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First of all, thank you for such fast responses, and sorry for not been able to get back sooner.

 

As it turns out, i came to chek the timming, twice and thrice, and what do you know...it was bad by two theets on the drivers side cam.

Funny thing since i have already cheked that.....the cause for it went bad again is a stripped bolt on one of the belt tensioner thats causing that belt to come loose, and probably under load, it skipped a thoot. i barely got it thight enough and preparing for a 65 mile ride down to town at night with few tools..fingers crossed!!

Having that helicoiled tomorrow i hope.

 

id redo the timing and the carb adjust.  you may be off on your timing and attempting to tune the carb to adjust for it.  i could believe just setting it really lean might cause what your saying.  low power under load but really responsive on flat ground, and fuel is a coolant in the combustion chamber.  I dont think this is your main problem but it could be A problem.

 

what procedure did you use to do the timing and tune the carb? 

 

The procedure used to adjust the timming and tune the carb could be described as "Going by ear"..as in  they didnt use the stroboscopic light for the timmin, and a guy at the exhaust shop messed with the carbing in order for it to pass the emission tests. So most probably not timmed correctly nor advanced correctly , plus belt on drivers side comming loose.

Could that alone cause the overheating under load on slope?

 

If the increase in temperature  /  overheating happens as going up hill is an indication that the radiator isn't flowing well enough.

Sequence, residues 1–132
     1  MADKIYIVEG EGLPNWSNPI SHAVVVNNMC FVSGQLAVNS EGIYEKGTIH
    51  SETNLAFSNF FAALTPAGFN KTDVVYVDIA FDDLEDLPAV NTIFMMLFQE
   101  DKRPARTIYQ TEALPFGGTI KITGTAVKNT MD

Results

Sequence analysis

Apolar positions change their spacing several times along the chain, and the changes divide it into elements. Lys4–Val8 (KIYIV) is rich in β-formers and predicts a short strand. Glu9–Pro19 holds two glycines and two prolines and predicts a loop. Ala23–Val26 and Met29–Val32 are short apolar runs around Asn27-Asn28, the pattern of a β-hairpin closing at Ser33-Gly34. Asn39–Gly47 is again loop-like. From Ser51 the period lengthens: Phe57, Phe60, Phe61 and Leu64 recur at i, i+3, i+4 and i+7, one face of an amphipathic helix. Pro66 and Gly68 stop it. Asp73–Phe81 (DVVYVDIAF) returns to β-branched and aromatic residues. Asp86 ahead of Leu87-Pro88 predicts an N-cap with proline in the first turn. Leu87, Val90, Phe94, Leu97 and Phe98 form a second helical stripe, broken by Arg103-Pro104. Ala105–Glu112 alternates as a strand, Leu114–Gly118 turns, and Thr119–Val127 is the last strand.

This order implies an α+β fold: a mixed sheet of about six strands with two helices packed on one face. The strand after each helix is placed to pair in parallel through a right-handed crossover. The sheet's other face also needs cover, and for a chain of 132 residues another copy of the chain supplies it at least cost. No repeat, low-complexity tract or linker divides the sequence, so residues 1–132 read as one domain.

Agree need to take off and get it flow tested by a radiator specialist

 

Running water through it with a hose isn't good enough. It doesn't test flow volume vs time.

 

Had issues with my 86 EA82 at 120 K miles.   Heater core blocked and engine started to get hotter every time went up a hill.

 

 

Took radiator out and got it flow tested by a radiator specialist and it was 85% blocked / scaled up with hard white scale.  

(still ran water through it but not enough volume vs time   and only through unblocked  part of it.)

 

 They took radiator  apart and physically rodded out the hard scale out of the cores.

 

What caused this - neglect by previous owners  not following recommendations in owners / service manual  ie change coolant every 2 years

 

Radiator specialist is something of a rarity here in rural county, Chile, but im gonna see what i can do/or find.

In the meantime, a new thermosthat, and oil dipstick its on its way from U s and A.

 

Is a OEM radiator cap needed, or just an aftermarket new one?

 

As another point of reference, i do not have heating on the inside of the car...there is some heat comming from the feets of the passenger, but y cannot for the love of Jebus get it to fire in any other direction...was planning on attacking that issue later on, but do you guys think i could be somehow related to the engine overheating?